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Opening Blood-Brain Barrier with Ultrasound to Deliver Alzheimer's Drug


6 January 2024

In a groundbreaking study, focused ultrasound, combined with the Alzheimer's drug, significantly reduced cerebral amyloid-beta levels, offering a novel approach to treating Alzheimer's disease. The study, published in the New England Journal of Medicine, has the potential to revolutionize the treatment of neurological disorders.

Researchers at the Rockefeller Neuroscience Institute have developed a pioneering approach using MRI-guided focused ultrasound and the Alzheimer's drug aducanumab to penetrate the blood-brain barrier, a major challenge in brain drug delivery. This innovative technique not only enhanced drug delivery but also reduced amyloid plaques by 32% more than in untreated brain regions, showcasing a promising new avenue for treating Alzheimer's and other neurological disorders.

The study, spearheaded by Dr. Ali Rezai at the West Virginia University Rockefeller Neuroscience Institute, involved three Alzheimer’s patients. Remarkably, PET scans revealed a significant reduction in amyloid levels in brain regions targeted by ultrasound, as opposed to untreated areas.

Over a 26-week period, PET scans indicated that participant 1 experienced a reduction in amyloid levels from 224.2 to 115.2 centiloids, equating to a significant 32% decrease, following treatment with focused ultrasound and aducanumab. Similarly, participant 2's levels dropped from 185.6 to 104.6 centiloids, and participant 3 from 251.5 to 84.9 centiloids, while regions without ultrasound treatment showed minimal change.

After 26 weeks of innovative focused ultrasound therapy to penetrate the blood-brain barrier, PET scans reveal a marked decline in amyloid-beta levels within the brains of Alzheimer's patients.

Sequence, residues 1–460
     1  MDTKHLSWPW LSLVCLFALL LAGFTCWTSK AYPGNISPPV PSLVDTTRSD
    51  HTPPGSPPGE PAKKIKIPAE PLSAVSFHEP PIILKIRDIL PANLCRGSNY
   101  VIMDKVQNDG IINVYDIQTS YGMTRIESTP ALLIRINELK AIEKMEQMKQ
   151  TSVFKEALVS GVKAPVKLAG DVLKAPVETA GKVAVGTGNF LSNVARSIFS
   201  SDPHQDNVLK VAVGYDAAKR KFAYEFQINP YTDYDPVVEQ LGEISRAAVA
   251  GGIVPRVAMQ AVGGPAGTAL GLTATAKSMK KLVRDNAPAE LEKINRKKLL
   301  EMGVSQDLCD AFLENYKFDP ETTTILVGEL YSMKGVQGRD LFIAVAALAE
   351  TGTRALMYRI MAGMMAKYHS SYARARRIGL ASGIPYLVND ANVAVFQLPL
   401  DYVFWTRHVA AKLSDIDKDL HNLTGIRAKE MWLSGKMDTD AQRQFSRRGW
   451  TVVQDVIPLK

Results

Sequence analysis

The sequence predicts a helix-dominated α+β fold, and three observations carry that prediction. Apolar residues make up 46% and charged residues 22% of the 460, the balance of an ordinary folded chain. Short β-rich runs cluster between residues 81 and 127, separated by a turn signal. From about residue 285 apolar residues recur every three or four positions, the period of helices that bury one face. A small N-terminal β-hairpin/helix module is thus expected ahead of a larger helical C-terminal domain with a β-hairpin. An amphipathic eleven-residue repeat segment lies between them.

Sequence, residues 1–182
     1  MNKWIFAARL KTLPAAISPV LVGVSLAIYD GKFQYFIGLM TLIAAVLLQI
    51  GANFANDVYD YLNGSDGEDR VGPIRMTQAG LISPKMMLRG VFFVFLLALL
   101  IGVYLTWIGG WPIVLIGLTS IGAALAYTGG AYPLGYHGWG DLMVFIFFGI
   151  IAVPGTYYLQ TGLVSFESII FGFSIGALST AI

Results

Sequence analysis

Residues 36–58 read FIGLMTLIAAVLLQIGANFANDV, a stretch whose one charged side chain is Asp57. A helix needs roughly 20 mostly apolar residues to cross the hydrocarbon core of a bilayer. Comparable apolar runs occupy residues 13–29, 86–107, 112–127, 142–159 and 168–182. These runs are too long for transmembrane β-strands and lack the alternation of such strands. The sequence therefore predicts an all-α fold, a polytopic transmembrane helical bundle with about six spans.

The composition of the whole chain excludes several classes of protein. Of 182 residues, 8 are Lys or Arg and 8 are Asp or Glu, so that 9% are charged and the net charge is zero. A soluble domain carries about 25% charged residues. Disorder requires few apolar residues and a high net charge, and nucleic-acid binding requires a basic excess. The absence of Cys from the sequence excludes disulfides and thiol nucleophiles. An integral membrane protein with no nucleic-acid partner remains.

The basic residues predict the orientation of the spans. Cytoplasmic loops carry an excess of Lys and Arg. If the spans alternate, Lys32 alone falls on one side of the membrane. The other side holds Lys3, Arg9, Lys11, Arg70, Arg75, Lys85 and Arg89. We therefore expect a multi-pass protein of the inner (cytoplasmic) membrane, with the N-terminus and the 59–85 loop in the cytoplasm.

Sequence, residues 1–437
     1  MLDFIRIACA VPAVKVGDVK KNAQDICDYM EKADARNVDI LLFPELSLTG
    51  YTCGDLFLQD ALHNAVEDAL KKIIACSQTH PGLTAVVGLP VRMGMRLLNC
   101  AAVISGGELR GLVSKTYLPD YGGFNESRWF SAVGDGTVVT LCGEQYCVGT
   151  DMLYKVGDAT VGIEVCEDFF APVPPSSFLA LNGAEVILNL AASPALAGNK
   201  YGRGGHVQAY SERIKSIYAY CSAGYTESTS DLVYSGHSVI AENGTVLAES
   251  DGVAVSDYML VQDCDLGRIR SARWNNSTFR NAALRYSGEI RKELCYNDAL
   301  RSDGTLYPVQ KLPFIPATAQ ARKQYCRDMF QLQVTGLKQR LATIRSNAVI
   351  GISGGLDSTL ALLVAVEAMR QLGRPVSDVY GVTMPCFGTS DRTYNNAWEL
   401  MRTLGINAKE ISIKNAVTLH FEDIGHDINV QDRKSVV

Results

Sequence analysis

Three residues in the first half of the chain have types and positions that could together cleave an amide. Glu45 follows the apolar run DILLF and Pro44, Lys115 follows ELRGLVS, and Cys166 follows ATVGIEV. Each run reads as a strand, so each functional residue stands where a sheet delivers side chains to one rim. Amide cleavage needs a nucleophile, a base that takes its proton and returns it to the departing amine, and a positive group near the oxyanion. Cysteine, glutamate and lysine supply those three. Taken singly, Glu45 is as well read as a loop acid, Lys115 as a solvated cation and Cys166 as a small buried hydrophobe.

While the treatment did lead to some mild headaches and one instance of discomfort, the absence of severe side effects like amyloid-related imaging abnormalities is encouraging. It is crucial, however, to note the limited scope of the study, both in terms of patient number and the treatment of only one brain hemisphere.

Beyond Alzheimer's: A Wider Impact

The breakthrough extends beyond Alzheimer's. Focused ultrasound has potential applications in other neurological conditions such as Parkinson's disease, brain tumors, and amyotrophic lateral sclerosis.

The Rockefeller team's approach, increasing monoclonal antibody delivery through the blood-brain barrier, using ultrasound, might be the key to more effective Alzheimer's drugs. The potential of this method to slow down disease progression, a hope echoed by researchers and echoed in mouse studies, lights a new path in the fight against Alzheimer's.

Ethical and Practical Considerations

While the results of these pioneering treatments are promising, they also highlight the need for larger-scale trials and more comprehensive research to validate their efficacy and ensure safe implementation. Ethical and safety concerns are paramount, necessitating a careful balance between innovation and patient welfare, particularly in light of the potential long-term implications.

Ultrasound Blood–Brain Barrier Opening and Aducanumab in Alzheimer’s Disease

Summary: Antiamyloid antibodies have been used to reduce cerebral amyloid-beta (Aβ) load in patients with Alzheimer’s disease. We applied focused ultrasound with each of six monthly aducanumab infusions to temporarily open the blood–brain barrier with the goal of enhancing amyloid removal in selected brain regions in three participants over a period of 6 months. The reduction in the level of Aβ was numerically greater in regions treated with focused ultrasound than in the homologous regions in the contralateral hemisphere that were not treated with focused ultrasound, as measured by fluorine-18 florbetaben positron-emission tomography. Cognitive tests and safety evaluations were conducted over a period of 30 to 180 days after treatment. (Funded by the Harry T. Mangurian, Jr. Foundation and the West Virginia University Rockefeller Neuroscience Institute.)


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